December 14, 2000, 11:22 AM — A FULL-SCALE launch of denial of service attacks on high-profile Web sites
continues unfettered, with ZDNet, E*Trade, and possibly Datek Online serving as the
latest victims to temporarily be taken offline because of directed traffic logjams sent
via an unknown source.
All three Web sites reported periods of non-accessibility for Web users at some
point Wednesday morning. The FBI Wednesday plans to detail actions the government is
taking to investigate the origin of the widespread assaults.
Robert Borschert, a spokesperson for ZDNet, said his company's Web site went down
from 6:30 a.m. to just before 10:00 a.m. EST Wednesday after it was bombarded with a
bogus data-packet stream that flooded the site, much in the same manner Yahoo, eBay,
and CNN have all succumbed in the past few days.
"It [the attack] clearly was not something that was a surprise to us," said
Borschert, hinting the same group responsible for knocking out ZDNet may also be
responsible for targeting and successfully crippling other big-name Internet sites.
Borschert would not speculate on the origin or financial impact of the attack, but he
said ZDNet is cooperating with the FBI's investigation.
The latest round of denial of service attacks arrives two days after Yahoo's 3-hour
shutdown on Monday, and a day after Amazon.com, eBay, CNN, and Buy.com all reported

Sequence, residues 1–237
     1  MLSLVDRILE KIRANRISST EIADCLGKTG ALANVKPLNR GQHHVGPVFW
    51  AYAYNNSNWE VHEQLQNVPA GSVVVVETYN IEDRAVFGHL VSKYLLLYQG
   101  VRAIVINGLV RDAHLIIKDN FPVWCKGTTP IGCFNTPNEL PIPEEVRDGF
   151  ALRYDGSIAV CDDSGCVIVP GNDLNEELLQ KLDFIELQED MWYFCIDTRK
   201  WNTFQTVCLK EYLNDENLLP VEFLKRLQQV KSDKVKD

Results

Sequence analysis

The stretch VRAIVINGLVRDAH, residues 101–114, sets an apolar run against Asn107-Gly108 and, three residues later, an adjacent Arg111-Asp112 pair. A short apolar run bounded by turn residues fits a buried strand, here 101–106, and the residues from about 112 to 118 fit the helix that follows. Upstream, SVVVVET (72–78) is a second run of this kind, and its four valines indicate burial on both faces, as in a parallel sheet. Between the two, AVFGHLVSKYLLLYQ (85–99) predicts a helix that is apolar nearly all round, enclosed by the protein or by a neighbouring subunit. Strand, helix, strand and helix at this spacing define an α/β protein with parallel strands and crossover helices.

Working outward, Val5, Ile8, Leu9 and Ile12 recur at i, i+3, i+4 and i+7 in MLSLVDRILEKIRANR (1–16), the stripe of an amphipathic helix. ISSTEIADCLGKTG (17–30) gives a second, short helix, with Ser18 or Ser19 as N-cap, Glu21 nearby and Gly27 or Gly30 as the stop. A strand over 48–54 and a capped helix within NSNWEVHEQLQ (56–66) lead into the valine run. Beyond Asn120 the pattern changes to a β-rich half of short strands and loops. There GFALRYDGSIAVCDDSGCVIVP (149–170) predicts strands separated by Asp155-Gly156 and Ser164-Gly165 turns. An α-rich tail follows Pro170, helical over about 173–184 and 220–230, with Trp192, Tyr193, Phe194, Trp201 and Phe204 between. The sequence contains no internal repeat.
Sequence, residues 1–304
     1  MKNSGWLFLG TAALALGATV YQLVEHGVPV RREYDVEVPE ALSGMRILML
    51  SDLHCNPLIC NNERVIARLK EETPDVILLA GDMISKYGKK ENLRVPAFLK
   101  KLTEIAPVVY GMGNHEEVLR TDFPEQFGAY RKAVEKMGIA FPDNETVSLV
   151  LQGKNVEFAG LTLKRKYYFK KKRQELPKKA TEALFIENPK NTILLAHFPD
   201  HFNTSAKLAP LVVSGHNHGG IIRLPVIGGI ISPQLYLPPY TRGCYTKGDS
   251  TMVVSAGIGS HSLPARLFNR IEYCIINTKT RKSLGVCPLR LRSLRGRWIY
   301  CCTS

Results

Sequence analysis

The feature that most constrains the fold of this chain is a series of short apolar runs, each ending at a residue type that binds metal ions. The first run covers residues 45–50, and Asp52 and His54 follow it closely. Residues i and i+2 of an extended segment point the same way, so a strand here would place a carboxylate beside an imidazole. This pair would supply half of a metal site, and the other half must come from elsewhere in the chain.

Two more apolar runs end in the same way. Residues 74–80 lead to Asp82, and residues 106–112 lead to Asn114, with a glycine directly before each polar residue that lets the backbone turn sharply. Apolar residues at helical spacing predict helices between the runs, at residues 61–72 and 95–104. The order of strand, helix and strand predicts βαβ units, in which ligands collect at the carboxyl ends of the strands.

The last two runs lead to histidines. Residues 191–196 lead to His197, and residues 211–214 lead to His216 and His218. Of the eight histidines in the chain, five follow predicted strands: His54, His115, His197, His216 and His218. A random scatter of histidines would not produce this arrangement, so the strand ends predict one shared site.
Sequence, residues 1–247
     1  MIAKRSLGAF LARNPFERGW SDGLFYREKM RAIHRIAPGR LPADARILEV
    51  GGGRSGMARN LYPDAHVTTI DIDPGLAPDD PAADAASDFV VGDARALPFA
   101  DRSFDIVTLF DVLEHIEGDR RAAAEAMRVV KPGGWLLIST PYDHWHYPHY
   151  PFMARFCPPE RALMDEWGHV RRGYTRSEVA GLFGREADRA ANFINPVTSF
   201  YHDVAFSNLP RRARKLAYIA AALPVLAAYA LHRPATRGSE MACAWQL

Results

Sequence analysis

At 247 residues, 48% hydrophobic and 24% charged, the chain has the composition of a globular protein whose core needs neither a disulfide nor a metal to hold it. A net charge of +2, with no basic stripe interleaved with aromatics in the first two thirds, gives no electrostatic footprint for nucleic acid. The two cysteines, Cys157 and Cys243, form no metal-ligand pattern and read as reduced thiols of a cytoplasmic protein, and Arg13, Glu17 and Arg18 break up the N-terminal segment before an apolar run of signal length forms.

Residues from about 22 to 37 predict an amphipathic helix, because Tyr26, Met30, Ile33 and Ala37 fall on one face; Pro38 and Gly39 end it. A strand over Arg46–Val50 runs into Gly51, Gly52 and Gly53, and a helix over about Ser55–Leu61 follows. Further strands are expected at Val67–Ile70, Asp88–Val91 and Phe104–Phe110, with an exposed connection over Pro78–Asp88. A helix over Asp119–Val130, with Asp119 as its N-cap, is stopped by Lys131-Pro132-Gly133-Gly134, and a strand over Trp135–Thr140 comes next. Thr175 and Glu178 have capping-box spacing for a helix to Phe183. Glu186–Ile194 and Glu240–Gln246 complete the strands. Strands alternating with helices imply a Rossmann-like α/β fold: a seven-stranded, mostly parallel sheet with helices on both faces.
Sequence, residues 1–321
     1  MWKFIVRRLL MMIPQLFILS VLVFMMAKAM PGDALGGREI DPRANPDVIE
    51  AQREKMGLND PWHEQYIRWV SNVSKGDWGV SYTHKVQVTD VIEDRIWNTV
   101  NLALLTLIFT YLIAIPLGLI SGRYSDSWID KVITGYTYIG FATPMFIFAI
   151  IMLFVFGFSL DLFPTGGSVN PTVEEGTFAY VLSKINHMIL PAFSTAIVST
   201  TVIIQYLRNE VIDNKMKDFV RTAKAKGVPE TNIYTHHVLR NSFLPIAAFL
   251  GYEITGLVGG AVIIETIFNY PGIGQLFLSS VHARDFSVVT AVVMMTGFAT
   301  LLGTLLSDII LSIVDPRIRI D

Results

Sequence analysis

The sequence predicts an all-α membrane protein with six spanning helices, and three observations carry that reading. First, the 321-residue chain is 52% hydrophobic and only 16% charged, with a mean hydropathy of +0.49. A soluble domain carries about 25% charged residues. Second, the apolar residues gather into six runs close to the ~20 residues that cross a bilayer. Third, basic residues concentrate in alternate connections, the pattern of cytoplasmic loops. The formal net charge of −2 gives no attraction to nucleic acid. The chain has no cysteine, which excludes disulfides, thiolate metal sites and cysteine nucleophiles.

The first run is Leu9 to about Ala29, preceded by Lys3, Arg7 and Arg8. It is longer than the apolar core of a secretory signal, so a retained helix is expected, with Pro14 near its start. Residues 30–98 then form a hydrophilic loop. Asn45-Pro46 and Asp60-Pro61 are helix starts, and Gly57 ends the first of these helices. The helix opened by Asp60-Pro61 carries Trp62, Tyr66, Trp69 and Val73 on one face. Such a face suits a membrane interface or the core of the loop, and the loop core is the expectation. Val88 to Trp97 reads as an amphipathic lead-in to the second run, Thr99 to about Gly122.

experiencing similar Internet "traffic jam" problems on their Web sites.
A denial of service attack involves overloading a Web site, rather than breaking
into it. In these attacks, routers connecting the sites to the rest of the Internet
have been flooded with so much fake traffic that the router becomes unable to cope.
Once this is achieved and the site is overloaded, genuine users find themselves unable
Finding out who is responsible for the assault of bogus traffic is difficult
because the perpetrators spoof the source addresses on messages they are sending out.
Because it is a fake source, an IT manager would have to go through every router in the
system to find the specific Internet connection linked to the denial of service attack.
For the type of attacks being felt and seen this week, hundreds upon hundreds of
machines at various locations could be directly responsible, said Elias Levy, chief of
technology at SecurityFocus.com. Levy said that with each assault, an end to the
attacks could draw near.
"The more they [hackers] keep doing this, the more likely they are to get caught,"